6 June 2020
The Human Rights Council this afternoon concluded its general debate on racism, racial discrimination, xenophobia and related intolerance, follow-up to and implementation of the Durban Declaration and Programme of Action.
Speakers said the racist events that had taken place, including those targeting peaceful protesters, were concerning. The world over, people, and the youth in particular, were making their voices heard, calling for an end to racial discrimination, notably against people of African descent. International solidarity and cooperation were needed to combat racism and xenophobia, and the Durban Declaration and Programme of Action follow-up mechanisms were fundamental in that regard. The rise of racial discrimination, Islamophobia, xenophobia, ethnic hatred and intolerance ran in congruence with the rise of “infodemics,” hate speech and malignant disinformation, speakers said.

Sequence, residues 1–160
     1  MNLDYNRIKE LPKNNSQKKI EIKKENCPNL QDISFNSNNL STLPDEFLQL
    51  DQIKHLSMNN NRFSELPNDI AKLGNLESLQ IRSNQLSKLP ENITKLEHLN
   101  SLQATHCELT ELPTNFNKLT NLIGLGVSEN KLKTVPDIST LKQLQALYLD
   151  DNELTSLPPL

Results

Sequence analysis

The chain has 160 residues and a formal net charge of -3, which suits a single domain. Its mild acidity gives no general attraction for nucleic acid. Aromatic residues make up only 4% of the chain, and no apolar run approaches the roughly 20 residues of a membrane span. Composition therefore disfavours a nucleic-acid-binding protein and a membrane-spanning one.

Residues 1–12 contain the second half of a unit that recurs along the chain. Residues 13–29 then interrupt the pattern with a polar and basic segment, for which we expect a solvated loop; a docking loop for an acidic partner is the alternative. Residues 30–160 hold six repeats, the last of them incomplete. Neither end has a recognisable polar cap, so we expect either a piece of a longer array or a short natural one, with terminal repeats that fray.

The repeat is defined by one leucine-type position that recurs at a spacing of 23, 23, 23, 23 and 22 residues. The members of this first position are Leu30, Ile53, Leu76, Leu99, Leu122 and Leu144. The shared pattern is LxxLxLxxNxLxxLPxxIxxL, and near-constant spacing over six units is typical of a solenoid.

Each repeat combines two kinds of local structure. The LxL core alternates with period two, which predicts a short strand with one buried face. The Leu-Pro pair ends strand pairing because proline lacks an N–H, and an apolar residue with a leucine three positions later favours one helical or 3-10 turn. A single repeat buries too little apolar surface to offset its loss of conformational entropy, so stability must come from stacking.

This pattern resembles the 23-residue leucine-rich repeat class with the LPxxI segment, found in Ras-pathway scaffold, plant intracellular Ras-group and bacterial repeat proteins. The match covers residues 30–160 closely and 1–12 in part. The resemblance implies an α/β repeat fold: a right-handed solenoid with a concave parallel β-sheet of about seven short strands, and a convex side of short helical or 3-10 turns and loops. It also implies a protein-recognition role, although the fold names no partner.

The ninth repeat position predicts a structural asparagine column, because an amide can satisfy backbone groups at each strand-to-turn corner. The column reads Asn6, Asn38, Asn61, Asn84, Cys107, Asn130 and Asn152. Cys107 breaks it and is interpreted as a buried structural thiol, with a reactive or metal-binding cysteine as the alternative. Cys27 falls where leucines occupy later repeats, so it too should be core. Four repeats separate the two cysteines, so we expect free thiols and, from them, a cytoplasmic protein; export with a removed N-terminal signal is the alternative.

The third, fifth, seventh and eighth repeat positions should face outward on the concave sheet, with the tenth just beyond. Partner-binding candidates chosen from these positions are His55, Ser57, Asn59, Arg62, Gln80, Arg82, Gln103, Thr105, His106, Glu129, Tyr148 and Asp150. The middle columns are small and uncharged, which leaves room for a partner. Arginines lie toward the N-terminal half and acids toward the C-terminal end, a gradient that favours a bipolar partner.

The general debate on racism and racial discrimination started this morning and a summary can be found here.
Speaking in the general debate this afternoon were the State of Palestine on behalf of the Arab Group, Egypt on behalf of a group of countries, Brazil on behalf of a group of countries, Pakistan, Libya, Brazil, India (video message), Bahrain, Namibia, Venezuela, Nigeria, Indonesia, Nepal, Sudan, Mauritania, Qatar, Angola, Bangladesh, Ukraine, Austria, Afghanistan, France, Israel, Botswana, Ecuador, South Africa, Iraq, Cuba, Sierra Leone, Jordan, Tunisia, Morocco, Egypt, Myanmar, Azerbaijan, Greece, Russian Federation, Iran, Syria, Democratic People’s Republic of Korea, Turkey, Algeria, China, Lebanon, Belarus, United Kingdom and Lesotho.